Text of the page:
Archives for June 19, 2018

Twitter to Score Ultimate World Cup Win

, I’m the CEO of CultureBanx, redefining business news for minorities. Opinions expressed by Forbes Contributors are their own.
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MOSCOW, RUSSIA – JUNE 19: Moussa Wague of Senegal is challenged by Kamil Grosicki of Poland during the 2018 FIFA World Cup Russia group H match between Poland and Senegal at Spartak Stadium on June 19, 2018 in Moscow, Russia. (Photo by Catherine Ivill/Getty Images)

Sports fans often use Twitter to follow and discuss live sporting events. A lot has changed on the platform since the last World Cup. Primarily the addition of video, along with a users ability to discover content that’s relevant to their interests. Will Twitter’s bottom line be the actual World Cup winner?

The Breakdown You Need to Know: The 2014 World Cup boosted Twitter’s second-quarter revenue by $24 million, according to MKM Partners. Some analysts predict this year’s event will be worth more and can affect results for the second and third quarters. Black U.S. adults could play a big role in this since they use Twitter more than any other ethnic group at 26%, according to Pew Research.

Since the last World Cup shares of Twitter are up 24% and currently trading near three-year highs. At this point the company has a more refined platform and strategy, which means the event could deliver an even larger boost this time around.

Twitter has exhibited its ability to shape global events and its head of content Kay Madati is helping make video profitable for the company. Madati recently announced 30 new video content partnerships. The 2018 World Cup is likely to spur even more user engagement which should translate into more ad revenue. Video ad spending at Twitter is set to total $18 billion in 2018, according to eMarketer.

CultureBanx research took a look back at past major live sporting events and their impact on Twitter’s engagement. There were 672 million tweets during the 2014 FIFA World Cup. Also, there were 45 million tweets during Super Bowl 2018 including 4.8 billion impressions. Lastly, the 2017-18 College Football season garnered 33 million tweets along with 4.9 billion impressions.

Through the social media giant’s deal with Fox Sports, the network will provide next to real-time highlights of every goal scored throughout the competition. Also, Fox Sports will produce both pre-game shows along with clips including player interviews. “Video is a major area of strength for Twitter, already driving more than half of the company’s total ad revenue,” wrote JP Morgan analyst Doug Anmuth.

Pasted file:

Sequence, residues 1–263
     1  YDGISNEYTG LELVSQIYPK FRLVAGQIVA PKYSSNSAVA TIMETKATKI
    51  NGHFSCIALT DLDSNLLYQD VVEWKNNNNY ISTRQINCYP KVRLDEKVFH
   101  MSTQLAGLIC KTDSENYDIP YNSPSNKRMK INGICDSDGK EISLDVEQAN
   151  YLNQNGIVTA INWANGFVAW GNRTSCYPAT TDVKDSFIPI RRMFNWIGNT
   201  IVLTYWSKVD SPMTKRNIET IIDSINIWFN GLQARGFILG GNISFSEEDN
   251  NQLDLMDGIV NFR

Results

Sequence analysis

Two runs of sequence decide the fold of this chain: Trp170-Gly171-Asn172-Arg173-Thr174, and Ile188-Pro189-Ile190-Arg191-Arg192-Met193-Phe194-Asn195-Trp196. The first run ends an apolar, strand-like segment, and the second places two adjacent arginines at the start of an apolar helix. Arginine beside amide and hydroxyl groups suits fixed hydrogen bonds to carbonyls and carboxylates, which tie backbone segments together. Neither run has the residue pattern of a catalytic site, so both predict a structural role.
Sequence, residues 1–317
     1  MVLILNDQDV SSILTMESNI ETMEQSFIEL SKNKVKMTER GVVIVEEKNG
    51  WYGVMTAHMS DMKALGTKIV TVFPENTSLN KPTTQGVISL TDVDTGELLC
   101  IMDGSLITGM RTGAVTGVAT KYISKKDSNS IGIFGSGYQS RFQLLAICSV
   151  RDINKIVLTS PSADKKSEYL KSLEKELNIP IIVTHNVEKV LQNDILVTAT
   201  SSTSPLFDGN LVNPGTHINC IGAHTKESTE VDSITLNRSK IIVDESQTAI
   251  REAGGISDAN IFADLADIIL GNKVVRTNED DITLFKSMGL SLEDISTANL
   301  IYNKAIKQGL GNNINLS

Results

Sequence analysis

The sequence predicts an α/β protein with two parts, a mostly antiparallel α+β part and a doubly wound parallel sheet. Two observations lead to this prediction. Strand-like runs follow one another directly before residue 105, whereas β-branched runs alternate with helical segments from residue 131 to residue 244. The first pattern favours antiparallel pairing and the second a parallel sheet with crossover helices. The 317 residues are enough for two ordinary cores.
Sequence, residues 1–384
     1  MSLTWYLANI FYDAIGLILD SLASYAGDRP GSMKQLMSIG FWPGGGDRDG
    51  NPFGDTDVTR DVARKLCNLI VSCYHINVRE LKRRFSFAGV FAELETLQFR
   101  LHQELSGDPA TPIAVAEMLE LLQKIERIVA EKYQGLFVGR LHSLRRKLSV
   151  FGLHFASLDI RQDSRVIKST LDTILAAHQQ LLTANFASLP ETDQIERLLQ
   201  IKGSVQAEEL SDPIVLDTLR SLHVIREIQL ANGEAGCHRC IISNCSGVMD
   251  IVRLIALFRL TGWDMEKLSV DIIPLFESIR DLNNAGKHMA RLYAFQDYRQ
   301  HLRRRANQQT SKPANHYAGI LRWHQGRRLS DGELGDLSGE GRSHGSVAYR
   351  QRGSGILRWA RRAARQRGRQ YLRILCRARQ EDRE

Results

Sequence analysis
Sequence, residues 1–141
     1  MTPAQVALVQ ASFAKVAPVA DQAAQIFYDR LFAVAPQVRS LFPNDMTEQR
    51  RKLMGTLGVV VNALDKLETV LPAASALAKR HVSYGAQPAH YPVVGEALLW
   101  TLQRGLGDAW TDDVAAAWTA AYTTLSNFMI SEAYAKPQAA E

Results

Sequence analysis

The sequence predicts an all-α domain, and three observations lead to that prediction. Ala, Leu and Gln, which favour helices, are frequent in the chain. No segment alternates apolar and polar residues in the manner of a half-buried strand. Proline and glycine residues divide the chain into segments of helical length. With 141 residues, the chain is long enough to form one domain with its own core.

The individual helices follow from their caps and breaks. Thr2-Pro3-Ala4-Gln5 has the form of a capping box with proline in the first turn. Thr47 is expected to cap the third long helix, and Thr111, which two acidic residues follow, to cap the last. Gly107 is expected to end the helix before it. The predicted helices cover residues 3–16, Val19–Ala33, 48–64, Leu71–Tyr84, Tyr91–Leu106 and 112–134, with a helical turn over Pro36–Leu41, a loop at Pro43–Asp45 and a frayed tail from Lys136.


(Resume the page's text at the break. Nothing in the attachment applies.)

The company now has 69 million monthly users in the U.S. and 267 million abroad. Of course the international nature of the event should help aid further penetration in some overseas markets. International now represents 48% of Twitter’s ad sales versus just 33% four years ago. It’s important to be aware that advertisers typically spend more to reach users in the U.S., compared with international markets particularly in developing areas.

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Fortnite's Stink Bombs Do Some Pretty Serious Damage

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, I write about video games and technology. Opinions expressed by Forbes Contributors are their own.

Credit: Epic Games

Fortnite: Battle Royale’s new stink bombs.

Fortnite got a new weapon today, and while that’s a sentence you can write just about every other week, this week’s feels like it might actually have the potential to change the way the game is played. The stink bomb went live today, and it’s basically a cute name for mustard gas: a brutal, yellowish cloud that forms sulfuric acid in your lungs and melts you from the inside. Despite the aesthetic similarities, Epic want sto be sure that you know the stink bomb is not that. Regardless, it’s just as brutal. Damage was a major question when the stink bomb first released, and I can assure you: the thing hurts.

Like most players, my first experience with the legendary-tier stink bomb was on the receiving end. I was playing squads without teammates because I was getting some challenges done and I find they’re easier in squads. So I was already at a steep disadvantage when I came across three opponents by the indoor soccer stadium. Regardless, I built my little 1X1 fort and took aim, like you do. I was immediately pelted by at least two stink bombs, rendering my fort completely unusable. I did the only thing that I could do and hopped out, where I was immediately shotgunned by the players that had been using the stink as a cover for an approach.

The stink here does 5 damage every half-second for 9 seconds for a total of 9 seconds, which is just under what it takes to kill an opponent at full health. Despite the two grenades, the damage I received did not appear to stack, meaning I still only received the five damage per half second. Regardless, that was enough to make my life very unpleasant. It means that if I were to have stayed put it would only have taken 10 health damage to put me down for good.

I’d expect this to change the game in interesting ways. Right now, explosives and wild firing are the only real area control methods, and neither does so as effectively as the stink bomb. It could really change the way the early moments of an encounter go if one player is able to scare the other out of their fort without losing access to theirs. I’m interested to see what this looks like at the higher levels.